Okay, so one of the first things your work is reminding me of is a quote I came across some years ago written by a fin de siècle black woman: “We are not a coming people. We are here.” – Mashadi Matabane
This project began organically: Two families, both with an interest in genealogy and history, started to look for something, not knowing exactly what. My mother, Jacqueline Kochak, a woman with a love and obsession for knowledge and truth through the exploration of history, set out on a search for her own family history. Along the way, she began to speak with Paula Whatley, who was on the same search. My family’s ancestor was a slave master, and Paula’s was a female slave.
My interest deepened as I learned of the similarities between the four women involved, Paula and my mother, Paula’s daughter and me. My mother and Paula are only a couple of years apart in age, one a journalist and the other, a documentary filmmaker and professor. My interest deepened as I found out that Mashadi, Paula’s daughter, was a writer and academic, and I am a contemporary artist. We are two sides of one coin, exemplars of a narrative that has been buried by controversy and a shame in American history that has yet to be fully acknowledged.
I proposed that the two families begin to get to know each other through starting a conversation and, in the process we could become a family that had never been acknowledged. I proposed to make reimagined images for our family, using our family archives. These first take the form of collages and montages of our two families’ images. From the collages I create large-scale paintings to synthesize these moments and write them into present history.
Paula and her daughter respond to everything I create. We have a continued skype conversation. I am collecting data, a new archive. In doing this, we rotate agency. We are history making—chatting and acknowledging, collaborating and negotiating. Through a newfound unity, we are transcending a patriarchal society; shame is revised into a new beginning.
Initial response to artistic statement by Paula Whatley Matabane
I love Natalya’s vision. She is searching for a deeper identity that unites four individuals in the face of hundreds of years of exploitative systems and actions that were designed to eternally divide and obscure the relationship between us. This is a bold act of an artist unafraid of naysayers on both sides of each family — naysayers who prefer that the divisions created by exploitation and abuse remain the status quo through all generations unless resolved through explicitly political or religious means or just hushed up as shameful for both sides.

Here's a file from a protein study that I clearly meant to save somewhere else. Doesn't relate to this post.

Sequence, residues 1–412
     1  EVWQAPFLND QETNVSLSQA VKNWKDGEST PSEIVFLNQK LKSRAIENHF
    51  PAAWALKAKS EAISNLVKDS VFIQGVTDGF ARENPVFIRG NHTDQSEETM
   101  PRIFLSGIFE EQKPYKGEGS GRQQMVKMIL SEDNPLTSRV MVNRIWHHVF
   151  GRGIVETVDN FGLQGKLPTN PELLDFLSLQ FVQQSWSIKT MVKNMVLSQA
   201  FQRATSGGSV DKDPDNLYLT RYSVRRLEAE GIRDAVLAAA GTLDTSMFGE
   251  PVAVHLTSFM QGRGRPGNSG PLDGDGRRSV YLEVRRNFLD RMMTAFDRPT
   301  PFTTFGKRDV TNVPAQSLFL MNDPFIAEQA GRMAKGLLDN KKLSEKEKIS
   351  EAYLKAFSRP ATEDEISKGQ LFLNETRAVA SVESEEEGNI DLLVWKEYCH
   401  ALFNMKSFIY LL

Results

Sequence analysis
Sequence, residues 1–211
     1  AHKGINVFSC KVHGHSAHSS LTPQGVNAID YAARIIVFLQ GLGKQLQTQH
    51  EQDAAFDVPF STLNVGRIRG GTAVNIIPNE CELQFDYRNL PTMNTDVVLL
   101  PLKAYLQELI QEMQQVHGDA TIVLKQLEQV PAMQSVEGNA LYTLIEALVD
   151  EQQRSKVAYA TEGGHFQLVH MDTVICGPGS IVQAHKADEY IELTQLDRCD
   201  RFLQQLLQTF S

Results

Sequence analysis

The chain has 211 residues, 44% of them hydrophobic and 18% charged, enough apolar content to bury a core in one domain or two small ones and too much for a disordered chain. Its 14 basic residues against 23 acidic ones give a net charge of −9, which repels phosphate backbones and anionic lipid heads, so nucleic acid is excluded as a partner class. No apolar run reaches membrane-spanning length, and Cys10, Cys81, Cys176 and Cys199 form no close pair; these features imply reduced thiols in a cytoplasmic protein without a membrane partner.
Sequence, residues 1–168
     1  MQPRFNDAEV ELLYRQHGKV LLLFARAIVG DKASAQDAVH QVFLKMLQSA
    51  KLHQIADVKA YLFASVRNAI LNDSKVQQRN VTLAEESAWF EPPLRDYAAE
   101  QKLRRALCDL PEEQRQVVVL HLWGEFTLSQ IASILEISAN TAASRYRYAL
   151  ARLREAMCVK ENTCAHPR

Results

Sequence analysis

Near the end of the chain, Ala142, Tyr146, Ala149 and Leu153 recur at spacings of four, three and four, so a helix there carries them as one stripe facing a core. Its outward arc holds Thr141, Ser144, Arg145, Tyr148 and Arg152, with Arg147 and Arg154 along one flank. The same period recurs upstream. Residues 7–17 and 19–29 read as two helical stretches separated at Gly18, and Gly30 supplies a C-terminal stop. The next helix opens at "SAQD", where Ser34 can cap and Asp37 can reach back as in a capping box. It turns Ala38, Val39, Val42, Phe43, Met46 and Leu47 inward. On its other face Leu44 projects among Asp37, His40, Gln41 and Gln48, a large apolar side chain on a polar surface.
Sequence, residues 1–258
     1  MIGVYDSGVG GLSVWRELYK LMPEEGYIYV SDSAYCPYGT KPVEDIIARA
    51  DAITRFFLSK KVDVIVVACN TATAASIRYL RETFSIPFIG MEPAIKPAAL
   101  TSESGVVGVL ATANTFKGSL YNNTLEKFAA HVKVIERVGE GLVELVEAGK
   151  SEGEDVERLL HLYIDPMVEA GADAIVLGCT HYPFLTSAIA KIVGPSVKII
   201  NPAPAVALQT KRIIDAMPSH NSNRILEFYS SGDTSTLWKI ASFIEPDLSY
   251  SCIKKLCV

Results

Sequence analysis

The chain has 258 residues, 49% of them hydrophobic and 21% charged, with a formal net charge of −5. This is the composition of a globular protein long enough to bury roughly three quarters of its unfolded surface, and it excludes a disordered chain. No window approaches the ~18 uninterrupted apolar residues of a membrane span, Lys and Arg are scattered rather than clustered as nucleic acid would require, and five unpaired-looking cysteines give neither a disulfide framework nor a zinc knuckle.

Natalya’s work defies the exploitation and abuse as well as the naysayers. But art shakes us up, shakes up calcified beliefs and pain. That is what I see this vision bringing forward. It merges divided families created through the abuse and exploitation of slavery and associated shame. These family ties were created through force and abuse, then denigrated and hidden, creating shame within families on both sides publicly and privately for generations to come.
It is most unsettling for the average black person to acknowledge that he/she is has blood relatives among former slave owners knowing the abuse associated with that. It is most unsettling to the average white person who wants to see his/her family as racially pure, genteel and moral during the slave era. Natalya confronts both sides with the harsh reality of common bloodlines forged in exploitation. So what does that mean to those of us caught in this conundrum? Are we tooting our horns, uplifting it out of a belief that having white blood is an asset for African Americans? LOL! Or are we confronting shame, anger, and pain with the hope of a new way of seeing each other, finding new ways of interacting as in Natalya’s project?
Natalya’s work will shake us up. I am most anxious to see how the shake up might lead to new possibilities among a few of us on our commonalities and differences, possibilities of more collaborations that help erase historically evolved divisions. In a way, this concept reminds me of the efforts of some black clothing designers who painted the confederate battle flag in the colors of black nationalism — red, black and green. The effort failed and for many their real purpose was obscured but it evoked much discussion. But the message is clear, slavery was not a “black” thing or a “white” thing, it was a distorted and brutal relationship of racial and economic domination that brought blacks and whites into intimate contact with each other.
I know from stories about the history of my freed ancestors who had white fathers and grandfathers that they observed and learned from those white master-ancestors. They inherited talents and gifts from their white family genetics, and were perhaps given access to learning profitable skills that helped them in the new days of freedom. There is still lingering anger and resentment of mixed race blacks receiving some privileges that others didn’t get but they were all still enslaved. I don’t know what white people today think of those relationships.
Natalya’s work will become integral to reconciliation work for many decades to come. I imagine more fine artists and popular culture creators building upon her foundation.